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6 Database connections

For the full interface descriptions see the Java interfaces in Chapter 13.

6.1     Opening a connection

When you want to access a database, you may obtain a java.sql.Connection object from the JDBC management layer's java.sql.DriverManager.getConnection method.

The DriverManager.getConnection method takes a URL string as an argument. The JDBC management layer will attempt to locate a driver that can connect to the database represented by the URL. The JDBC management layer does this by asking each driver in turn (see Section 6.2 below) if it can connect to the given URL.1 Drivers should examine the URL to see if it specifies a subprotocol that they support (see Section 6.3 below), and if so, they should attempt to connect to the specified database. If they succeed in establishing a connection, then they should return an appropriate java.sql.Connection object.

From the java.sql.Connection object it is possible to obtain java.sql.Statement, java.sql.PreparedStatement , and java.sql.CallableStatement objects that can be used to execute SQL statement s.

We also permit applications to bypass the JDBC management layer during connection open and explicitly select and use a particular driver.

6.2     Choosing between drivers

It may sometimes be the case that several JDBC drivers are capable of connecting to a given URL. For example, when connecting to a given remote database it might be possible to use either a JDBC-ODBC bridge driver, or a JDBC to generic network protocol driver, or to use a driver supplied by the database vendor.

JDBC allows users to specify a driver list by setting a Java property "jdbc.drivers". If this property is defined,then it should be a colon separated list of driver class names, such as "acme.wonder.Driver :foobaz.openNet.Driver:vendor.OurDriver".

When searching for a driver, JDBC will use the first driver it finds that can successfully connect to the given URL. It will first try to use each of the drivers specified in the sql.drivers list, in the order given. It will then proceed to try to use each loaded driver in the order in which the drivers were loaded. It will skip any drivers which are untrusted code, unless they have been loaded from the same source as the code that is trying to open the connection (see the security discussion in Section 5).

6.3     URLs

6.3.1 Goals for JDBC database naming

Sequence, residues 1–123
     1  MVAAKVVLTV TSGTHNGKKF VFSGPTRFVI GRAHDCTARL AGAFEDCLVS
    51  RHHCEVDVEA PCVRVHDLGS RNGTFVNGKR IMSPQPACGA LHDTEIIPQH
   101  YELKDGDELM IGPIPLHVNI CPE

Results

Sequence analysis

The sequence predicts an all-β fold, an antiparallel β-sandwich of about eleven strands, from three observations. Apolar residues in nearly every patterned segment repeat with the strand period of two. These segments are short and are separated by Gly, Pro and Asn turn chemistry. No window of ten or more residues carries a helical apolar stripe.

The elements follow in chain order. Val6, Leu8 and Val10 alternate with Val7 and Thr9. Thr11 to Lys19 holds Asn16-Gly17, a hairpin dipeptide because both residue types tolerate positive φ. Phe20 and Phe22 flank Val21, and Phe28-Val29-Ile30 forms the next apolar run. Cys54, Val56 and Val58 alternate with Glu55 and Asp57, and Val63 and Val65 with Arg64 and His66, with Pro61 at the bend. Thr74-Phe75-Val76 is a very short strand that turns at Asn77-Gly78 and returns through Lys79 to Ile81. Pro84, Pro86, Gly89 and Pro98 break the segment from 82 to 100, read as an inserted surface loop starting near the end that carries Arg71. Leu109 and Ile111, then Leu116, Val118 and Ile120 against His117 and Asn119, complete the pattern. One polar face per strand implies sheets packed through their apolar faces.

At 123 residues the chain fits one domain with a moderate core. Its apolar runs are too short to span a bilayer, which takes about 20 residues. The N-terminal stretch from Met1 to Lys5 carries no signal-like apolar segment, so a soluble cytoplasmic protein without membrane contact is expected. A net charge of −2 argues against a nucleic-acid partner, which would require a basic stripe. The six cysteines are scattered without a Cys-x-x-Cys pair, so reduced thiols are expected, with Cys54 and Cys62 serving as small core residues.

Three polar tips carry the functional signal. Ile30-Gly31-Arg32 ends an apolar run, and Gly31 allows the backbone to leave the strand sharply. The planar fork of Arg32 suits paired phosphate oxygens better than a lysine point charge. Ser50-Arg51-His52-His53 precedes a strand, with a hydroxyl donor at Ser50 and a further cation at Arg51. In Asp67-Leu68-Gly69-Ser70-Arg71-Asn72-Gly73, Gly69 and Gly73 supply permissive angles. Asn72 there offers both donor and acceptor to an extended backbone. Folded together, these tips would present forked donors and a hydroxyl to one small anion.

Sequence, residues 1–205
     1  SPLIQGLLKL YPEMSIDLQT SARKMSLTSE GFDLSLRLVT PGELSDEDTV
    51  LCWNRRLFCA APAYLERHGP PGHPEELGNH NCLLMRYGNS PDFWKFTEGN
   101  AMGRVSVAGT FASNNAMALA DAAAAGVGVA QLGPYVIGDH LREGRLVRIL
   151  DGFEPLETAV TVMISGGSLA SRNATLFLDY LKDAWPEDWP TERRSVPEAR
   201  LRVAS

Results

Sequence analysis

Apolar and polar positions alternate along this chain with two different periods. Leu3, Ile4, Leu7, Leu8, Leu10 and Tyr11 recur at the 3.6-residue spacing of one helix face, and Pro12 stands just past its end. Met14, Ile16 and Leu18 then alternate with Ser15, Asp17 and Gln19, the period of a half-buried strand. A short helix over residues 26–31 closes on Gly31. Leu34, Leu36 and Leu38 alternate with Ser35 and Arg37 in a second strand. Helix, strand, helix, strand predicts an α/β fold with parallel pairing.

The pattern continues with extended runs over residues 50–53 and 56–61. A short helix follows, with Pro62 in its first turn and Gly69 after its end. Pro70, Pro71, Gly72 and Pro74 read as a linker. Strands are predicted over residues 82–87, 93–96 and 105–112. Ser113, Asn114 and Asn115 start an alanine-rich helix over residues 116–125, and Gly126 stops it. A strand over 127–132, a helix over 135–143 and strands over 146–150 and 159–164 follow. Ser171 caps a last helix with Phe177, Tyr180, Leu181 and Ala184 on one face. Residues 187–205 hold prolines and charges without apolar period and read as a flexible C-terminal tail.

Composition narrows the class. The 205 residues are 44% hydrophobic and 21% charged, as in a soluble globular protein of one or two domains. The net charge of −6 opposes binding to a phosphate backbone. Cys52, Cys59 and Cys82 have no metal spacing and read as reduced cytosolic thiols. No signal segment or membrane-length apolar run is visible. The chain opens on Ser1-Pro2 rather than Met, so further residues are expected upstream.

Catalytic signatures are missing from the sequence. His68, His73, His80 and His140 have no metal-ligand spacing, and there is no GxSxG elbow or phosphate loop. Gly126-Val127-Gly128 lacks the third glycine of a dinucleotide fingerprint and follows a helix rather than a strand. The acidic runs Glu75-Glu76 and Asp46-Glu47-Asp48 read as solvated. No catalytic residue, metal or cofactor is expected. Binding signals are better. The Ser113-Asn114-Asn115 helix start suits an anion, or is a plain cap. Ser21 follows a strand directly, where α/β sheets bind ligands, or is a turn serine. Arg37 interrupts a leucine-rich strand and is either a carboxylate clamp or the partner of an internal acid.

We need to provide a way of naming databases so that application writers can specify which database they wish to connect to.

We would like this JDBC naming mechanism to have the following properties:

  • Different drivers can use different schemes for naming databases. For example, a JDBC-ODBC bridge driver may support simple ODBC style data source names, whereas a network protocol driver may need to know additional information so it can discover which hostname and port to connect to.
  • If a user downloads an applet that wants to talk to a given database then we would like to be able to open a database connection without requiring the user to do any system administration chores. Thus for example, we want to avoid requiring an analogue of the human-administered ODBC data source tables on the client machines. This implies that it should be possible to encode any necessary connection information in the JDBC name.
  • We would like to allow a level of indirection in the JDBC name, so that the initial name may be resolved via some network naming system in order to locate the database. This will allow system administrators to avoid specifying particular hosts as part of the JDBC name. However, since there are a number of different network name services (such as NIS, DCE, etc.) we do not wish to mandate that any particular network nameserver is used.

    6.3.2 URL syntax

    Fortunately the World Wide Web has already standardized on a naming system that supports all of these properties. This is the Uniform Resource Locator (URL) mechanism. So we propose to use URLs for JDBC naming, and merely recommend some conventions for structuring JDBC URLs.

    We recommend that JDBC URL's be structured as:


    where a subprotocol names a particular kind of database connectivity mechanism that may be supported by one or more drivers. The contents and syntax of the subname will depend on the subprotocol.

    If you are specifying a network address as part of your subname, we recommend following the standard URL naming convention of "//hostname:port/subsubname" for the subname. The subsubname can have arbitrary internal syntax.